Advertisement

GeoJournal

pp 1–12 | Cite as

Geospatial analysis of Maize yield vulnerability to climate change in Nigeria

  • Olanrewaju LawalEmail author
  • M. Olufemi Adesope
Article
  • 9 Downloads

Abstract

The fifth assessment report (AR5) predicted that land temperatures would rise faster over Africa than other global averages while changes in rainfall are uncertain across Sub-Saharan Africa. These portend water availability challenges with direct impacts on agricultural production. Existing studies on yield vulnerability in Nigeria are mostly at a national scale, which is not adequate for local decision making. This study provides a spatially explicit model of Maize yield vulnerabilities across the growing areas (GA). Thereby, turning available data into actionable information to support development actions. Yield vulnerability index was constructed as a relationship among exposure, yield sensitivity and adaptive capacity. Exposure was computed as the ratio between long and short-term climatic factors. Yield sensitivities were expressed as the ratio between expected and actual yield. Adaptive capacity was captured using a combination of socio-economic proxies. The result shows that Maize yields were vulnerable to climate variability across most of the GAs. Exposure values indicate a very high level of climate variability with the northern region more exposed. Yield sensitivity ranges between ranges 0.47 and 0.95, and highest along the northern extremes, moderate sensitivities were observed across large tracts of the north-west, northeast, south-east and south–south geopolitical regions. Adaptive capacity is highly variable ranging between 0.27 and 1. Yield vulnerability ranges between 0.46 and 1.51. The general assumption of a north–south divide for yield vulnerability was invalidated. Vulnerability is more disparate beyond latitudinal differences. The model presented, creates a framework to support targeted response, and opportunity for building resilience to climate change impact for crop yield.

Keywords

Maize yield Yield vulnerability Adaptive capacity Climate change Yield sensitivity 

Notes

Funding

The authors did not receive any funding from any organisation/institution for this study (study was not funded by any grant).

Compliance with ethical standards

Conflict of interest

The authors declare that they have no conflict of interest.

Ethical approval

This article does not contain any studies involving animals performed by any of the authors.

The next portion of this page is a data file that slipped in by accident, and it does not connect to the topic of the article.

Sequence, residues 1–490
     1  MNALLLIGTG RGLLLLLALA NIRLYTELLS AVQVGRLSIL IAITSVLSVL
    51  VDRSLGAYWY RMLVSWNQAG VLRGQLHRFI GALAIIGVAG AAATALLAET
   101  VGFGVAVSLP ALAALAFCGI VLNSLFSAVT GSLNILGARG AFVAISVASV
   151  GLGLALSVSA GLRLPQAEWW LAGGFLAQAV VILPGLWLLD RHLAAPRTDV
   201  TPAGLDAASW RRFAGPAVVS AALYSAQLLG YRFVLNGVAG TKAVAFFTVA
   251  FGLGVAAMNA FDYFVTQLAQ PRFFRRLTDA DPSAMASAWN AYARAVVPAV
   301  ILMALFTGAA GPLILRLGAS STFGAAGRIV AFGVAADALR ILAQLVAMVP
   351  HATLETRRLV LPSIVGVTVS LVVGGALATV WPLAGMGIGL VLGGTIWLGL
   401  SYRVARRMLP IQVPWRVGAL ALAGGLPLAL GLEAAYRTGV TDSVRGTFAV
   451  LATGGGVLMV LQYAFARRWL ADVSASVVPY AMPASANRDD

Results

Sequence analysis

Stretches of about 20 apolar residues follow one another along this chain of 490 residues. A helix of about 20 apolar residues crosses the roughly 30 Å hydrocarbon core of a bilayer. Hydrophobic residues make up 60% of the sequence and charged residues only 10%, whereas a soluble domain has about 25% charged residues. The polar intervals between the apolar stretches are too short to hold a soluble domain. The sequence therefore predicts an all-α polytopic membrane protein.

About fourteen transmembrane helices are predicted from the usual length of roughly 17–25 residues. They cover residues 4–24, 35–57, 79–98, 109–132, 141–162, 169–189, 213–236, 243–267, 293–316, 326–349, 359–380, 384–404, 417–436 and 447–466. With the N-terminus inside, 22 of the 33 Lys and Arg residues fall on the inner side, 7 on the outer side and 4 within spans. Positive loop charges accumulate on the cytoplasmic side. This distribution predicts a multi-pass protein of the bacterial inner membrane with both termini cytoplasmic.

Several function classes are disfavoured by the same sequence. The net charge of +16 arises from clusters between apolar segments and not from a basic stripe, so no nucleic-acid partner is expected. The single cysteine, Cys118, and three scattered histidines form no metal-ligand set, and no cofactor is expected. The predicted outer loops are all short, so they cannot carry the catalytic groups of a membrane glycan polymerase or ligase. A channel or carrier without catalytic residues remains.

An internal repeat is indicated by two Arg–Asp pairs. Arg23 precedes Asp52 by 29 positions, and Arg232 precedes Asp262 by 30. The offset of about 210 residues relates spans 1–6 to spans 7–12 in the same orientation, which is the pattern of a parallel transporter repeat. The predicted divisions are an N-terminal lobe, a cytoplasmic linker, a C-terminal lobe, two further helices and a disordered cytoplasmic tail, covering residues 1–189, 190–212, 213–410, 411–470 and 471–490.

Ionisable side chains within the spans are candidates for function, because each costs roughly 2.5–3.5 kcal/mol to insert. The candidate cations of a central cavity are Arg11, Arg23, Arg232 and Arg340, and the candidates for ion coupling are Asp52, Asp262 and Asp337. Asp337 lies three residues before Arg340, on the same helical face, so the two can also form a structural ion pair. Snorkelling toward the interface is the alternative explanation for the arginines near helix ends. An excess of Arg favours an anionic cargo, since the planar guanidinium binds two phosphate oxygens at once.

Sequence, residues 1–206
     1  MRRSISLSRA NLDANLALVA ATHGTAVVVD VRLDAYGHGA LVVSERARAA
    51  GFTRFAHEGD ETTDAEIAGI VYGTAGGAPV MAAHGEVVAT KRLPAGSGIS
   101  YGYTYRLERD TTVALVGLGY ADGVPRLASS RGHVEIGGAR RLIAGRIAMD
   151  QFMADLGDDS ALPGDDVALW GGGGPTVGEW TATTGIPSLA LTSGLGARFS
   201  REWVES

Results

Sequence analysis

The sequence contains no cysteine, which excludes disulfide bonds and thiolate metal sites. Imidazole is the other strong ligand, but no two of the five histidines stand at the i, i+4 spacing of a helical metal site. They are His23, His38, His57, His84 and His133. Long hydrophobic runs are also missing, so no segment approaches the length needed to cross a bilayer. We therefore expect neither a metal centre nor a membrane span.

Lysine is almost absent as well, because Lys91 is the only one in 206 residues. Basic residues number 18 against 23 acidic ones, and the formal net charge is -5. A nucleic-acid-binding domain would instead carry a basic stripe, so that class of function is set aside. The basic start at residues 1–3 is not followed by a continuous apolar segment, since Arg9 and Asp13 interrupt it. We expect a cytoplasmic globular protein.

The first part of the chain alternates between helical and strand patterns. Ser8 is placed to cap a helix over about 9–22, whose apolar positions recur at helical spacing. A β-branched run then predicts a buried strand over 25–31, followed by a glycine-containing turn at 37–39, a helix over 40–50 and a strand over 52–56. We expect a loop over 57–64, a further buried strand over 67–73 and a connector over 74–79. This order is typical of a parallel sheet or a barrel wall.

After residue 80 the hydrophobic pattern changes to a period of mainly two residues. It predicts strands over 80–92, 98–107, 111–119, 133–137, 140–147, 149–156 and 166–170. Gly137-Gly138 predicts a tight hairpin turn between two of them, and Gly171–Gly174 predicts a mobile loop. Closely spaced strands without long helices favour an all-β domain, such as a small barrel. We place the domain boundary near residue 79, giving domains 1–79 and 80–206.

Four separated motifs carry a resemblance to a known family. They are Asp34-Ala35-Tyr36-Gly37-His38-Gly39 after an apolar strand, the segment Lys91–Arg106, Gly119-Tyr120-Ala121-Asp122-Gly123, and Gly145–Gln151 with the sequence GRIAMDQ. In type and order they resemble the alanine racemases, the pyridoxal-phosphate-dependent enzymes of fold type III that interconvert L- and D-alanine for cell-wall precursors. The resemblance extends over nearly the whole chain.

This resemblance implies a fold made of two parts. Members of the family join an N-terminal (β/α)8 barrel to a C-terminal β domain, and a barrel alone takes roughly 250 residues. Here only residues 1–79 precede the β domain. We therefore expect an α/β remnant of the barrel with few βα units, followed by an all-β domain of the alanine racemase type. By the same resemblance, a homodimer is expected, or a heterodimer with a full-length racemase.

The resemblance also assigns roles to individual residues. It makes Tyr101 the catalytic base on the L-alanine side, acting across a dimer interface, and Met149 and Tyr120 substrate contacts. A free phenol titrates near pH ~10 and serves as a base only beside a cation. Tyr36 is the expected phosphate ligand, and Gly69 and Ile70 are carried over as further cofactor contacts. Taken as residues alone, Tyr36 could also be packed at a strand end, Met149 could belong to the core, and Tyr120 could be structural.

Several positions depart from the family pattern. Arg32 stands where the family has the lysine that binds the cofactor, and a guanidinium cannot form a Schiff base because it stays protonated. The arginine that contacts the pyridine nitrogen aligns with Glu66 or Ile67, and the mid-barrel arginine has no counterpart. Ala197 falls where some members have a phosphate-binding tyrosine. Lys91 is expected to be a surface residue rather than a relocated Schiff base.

Human and animal rights

This article does not contain any studies involving human participants performed by any of the authors.

References

  1. Ajetomobi, J. O. (2016). Sensitivity of crop yield to extreme weather in Nigeria. Paper presented at the Proceedings of the African Association of Agricultural Economists (AAAE) Fifth International Conference, Addis Ababa, Ethiopia.Google Scholar
  2. Akpodiogaga-a, P., & Odjugo, O. (2010). General overview of climate change impacts in Nigeria. Journal of Human Ecology, 29(1), 47–55.  https://doi.org/10.1080/09709274.2010.11906248.CrossRefGoogle Scholar
  3. Ayinde, O. E., Muchie, M., & Olatunji, G. B. (2011). Effect of climate change on agricultural productivity in Nigeria: A co-integration model approach. Journal of Human Ecology, 35(3), 189–194.  https://doi.org/10.1080/09709274.2011.11906406.CrossRefGoogle Scholar
  4. BNRCC. (2011). National adaptation strategy and plan of action on climate change for Nigeria. Retrieved from Ibadan.Google Scholar
  5. Bosco, C., Alegana, V., Bird, T., Pezzulo, C., Bengtsson, L., Sorichetta, A., et al. (2017). Exploring the high-resolution mapping of gender-disaggregated development indicators. Journal of the Royal Society, Interface, 14(129), 20160825.CrossRefGoogle Scholar
  6. CBN. (2018). New GDP at 2010 constant basic prices (Naira Million). Time series. Retrieved from: http://nigeria.opendataforafrica.org/afnwpjg/new-gdp-at-2010-constant-basic-prices-naira-million-1960-2017?descriptor=1000550
  7. Central Intelligence Agency. (2015). Nigeria: The World Factbook. Retrieved from https://www.cia.gov/library/publications/the-world-factbook/geos/ni.html.
  8. Epule, T., Ford, J., Lwasa, S., & Lepage, L. (2017). Vulnerability of maize yields to droughts in Uganda. Water, 9(3), 181.CrossRefGoogle Scholar
  9. Eriksen, S. H., & Kelly, P. M. (2007). Developing credible vulnerability indicators for climate adaptation policy assessment. Mitigation and Adaptation Strategies for Global Change, 12(4), 495–524.  https://doi.org/10.1007/s11027-006-3460-6.CrossRefGoogle Scholar
  10. ESRI. (2017). ArcGIS desktop (version 10.6). Redlands, CA: Environmental Systems Research Institute.Google Scholar
  11. FAO. (2018). Global information and early warning system: Country brief on Nigeria. Country Analysis. Retrieved from http://www.fao.org/giews/countrybrief/country.jsp?lang=en&code=NGA
  12. Ford, J. D., Keskitalo, E. C. H., Smith, T., Pearce, T., Berrang-Ford, L., Duerden, F., et al. (2010). Case study and analogue methodologies in climate change vulnerability research. Wiley Interdisciplinary Reviews: Climate Change, 1(3), 374–392.  https://doi.org/10.1002/wcc.48.CrossRefGoogle Scholar
  13. Girardin, P., Bockstaller, C., & Werf, H. V. D. (1999). Indicators: Tools to evaluate the environmental impacts of farming systems. Journal of Sustainable Agriculture, 13(4), 5–21.  https://doi.org/10.1300/J064v13n04_03.CrossRefGoogle Scholar
  14. Hagerstrand, T. (1968). Innovation diffusion as a spatial process. Innovation diffusion as a spatial process. Google Scholar